This spring teaching artist Paul Rodriguez was faced with an age-old education challenge: How does a teacher make history relevant to young children? In Patchogue Medford, fourth graders were studying the Underground Railroad. The entire grade level was scheduled to see “Freedom Train,” which tells the story of Harriet Tubman and the Underground Railroad through dance, dialog and music, at the Westhampton Beach Performing Arts Center. Mr. Rodriguez designed a project that compared the struggles of slaves in America during the 19th Century with the current struggles of the wildlife in the Galapagos Island. The STEAM project enabled students to delve deeper into the Underground Railroad, while making connections with the science and math curriculum.
To introduce the project, Mr. Rodriguez discuss Harriet Tubman and her role in the Underground Railroad with the students. He noted that some historians believe the abolitionists may have used coded quilts to communicate with the slaves traveling along the Underground Railroad to freedom. For their project, the students would create coded posters similar to the coded quilts. By solving their classmates’ coded posters, the students would discover how to help the endangered species currently living on the Galapagos Islands find a safe haven or sanctuary.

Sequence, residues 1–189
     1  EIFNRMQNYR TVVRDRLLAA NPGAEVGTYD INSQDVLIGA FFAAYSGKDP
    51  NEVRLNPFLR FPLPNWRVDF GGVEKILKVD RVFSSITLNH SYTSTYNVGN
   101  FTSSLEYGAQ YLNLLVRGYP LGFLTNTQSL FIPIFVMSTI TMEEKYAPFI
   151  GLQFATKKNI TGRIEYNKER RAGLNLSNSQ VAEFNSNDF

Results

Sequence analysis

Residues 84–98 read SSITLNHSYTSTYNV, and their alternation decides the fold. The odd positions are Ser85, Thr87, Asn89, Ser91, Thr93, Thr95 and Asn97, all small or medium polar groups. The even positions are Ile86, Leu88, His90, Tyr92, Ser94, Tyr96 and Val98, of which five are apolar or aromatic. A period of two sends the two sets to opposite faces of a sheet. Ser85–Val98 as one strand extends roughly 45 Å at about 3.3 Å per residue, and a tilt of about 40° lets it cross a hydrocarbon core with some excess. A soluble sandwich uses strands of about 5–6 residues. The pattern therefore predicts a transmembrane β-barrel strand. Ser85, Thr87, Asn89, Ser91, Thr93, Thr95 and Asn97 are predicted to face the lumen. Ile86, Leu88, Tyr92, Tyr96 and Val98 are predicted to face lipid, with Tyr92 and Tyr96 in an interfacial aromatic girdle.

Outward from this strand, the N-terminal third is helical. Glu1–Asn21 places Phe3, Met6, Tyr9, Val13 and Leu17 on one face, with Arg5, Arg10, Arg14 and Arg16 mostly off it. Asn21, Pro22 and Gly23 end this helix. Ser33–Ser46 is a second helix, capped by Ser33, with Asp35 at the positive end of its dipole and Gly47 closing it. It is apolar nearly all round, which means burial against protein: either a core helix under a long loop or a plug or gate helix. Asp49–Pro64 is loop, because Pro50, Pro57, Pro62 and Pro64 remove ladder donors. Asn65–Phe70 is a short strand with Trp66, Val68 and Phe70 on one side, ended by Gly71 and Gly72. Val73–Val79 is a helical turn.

The teaching artist and students compared the slaves’ flight to freedom with the endangered species’ quest for sanctuary. Mr. Rodriguez, who’d recently traveled to the Galapagos Islands, described the Islands’ different endangered species, explaining their habitat and behavior, as well as their struggle to survive (above). In addition, he made references to the present-day struggles of refugees around the world, noting the similarities to the struggle to the slaves and endangered species.
Next, the teaching artist introduced the Safe Sea Passage, a passageway that would guide the endangered species to a sanctuary. He compared the Passage with the Underground Railroad. He explained that the students’ coded posters would provide information about the Safe Sea Passage.
The students were placed in small groups and Mr. Rodriguez passed out folders with resources to each group. The folders contained many resources, including simple drawing techniques for 10 animals, to help students create the posters.
The teaching artist guided the students in the creation of a math code for their posters. The math code used animals to represent numbers. Working collaboratively, the students translated the symbols and icons into a primary equation. “When your classmates solve your math equation,” Mr. Rodriguez explained, “they will be able to help the endangered species follow the Safe Sea Passage to the sanctuary.”
In the culminating session, students had an opportunity to solve each other’s posters. “The students were moved by the compassion of the abolitionists who aided the slaves along the Underground Railroad,” said Mr. Rodriguez. “It inspired them to want to preserve the animals currently living on the Galapagos. Just like Harriet Tubman, and other heroic people, the students came together, worked together and succeeded together.”
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